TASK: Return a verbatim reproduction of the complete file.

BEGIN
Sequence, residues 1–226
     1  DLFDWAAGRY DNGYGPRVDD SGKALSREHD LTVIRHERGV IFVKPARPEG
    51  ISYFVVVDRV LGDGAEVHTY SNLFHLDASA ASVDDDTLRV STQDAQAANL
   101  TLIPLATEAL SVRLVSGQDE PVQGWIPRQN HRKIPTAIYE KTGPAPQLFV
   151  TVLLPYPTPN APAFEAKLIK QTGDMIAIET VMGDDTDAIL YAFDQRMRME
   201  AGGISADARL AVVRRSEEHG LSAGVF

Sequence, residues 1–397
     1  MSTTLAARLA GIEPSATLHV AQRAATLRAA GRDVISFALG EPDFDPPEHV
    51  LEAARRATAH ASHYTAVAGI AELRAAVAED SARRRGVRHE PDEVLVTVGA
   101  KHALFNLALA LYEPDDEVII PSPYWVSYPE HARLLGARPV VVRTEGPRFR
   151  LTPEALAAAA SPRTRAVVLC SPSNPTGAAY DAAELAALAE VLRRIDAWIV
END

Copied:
Sequence, residues 1–226
     1  DLFDWAAGRY DNGYGPRVDD SGKALSREHD LTVIRHERGV IFVKPARPEG
    51  ISYFVVVDRV LGDGAEVHTY SNLFHLDASA ASVDDDTLRV STQDAQAANL
   101  TLIPLATEAL SVRLVSGQDE PVQGWIPRQN HRKIPTAIYE KTGPAPQLFV
   151  TVLLPYPTPN APAFEAKLIK QTGDMIAIET VMGDDTDAIL YAFDQRMRME
   201  AGGISADARL AVVRRSEEHG LSAGVF

Sequence, residues 1–397
     1  MSTTLAARLA GIEPSATLHV AQRAATLRAA GRDVISFALG EPDFDPPEHV
    51  LEAARRATAH ASHYTAVAGI AELRAAVAED SARRRGVRHE PDEVLVTVGA
   101  KHALFNLALA LYEPDDEVII PSPYWVSYPE HARLLGARPV VVRTEGPRFR
   151  LTPEALAAAA SPRTRAVVLC SPSNPTGAAY DAAELAALAE VLRRIDAWIV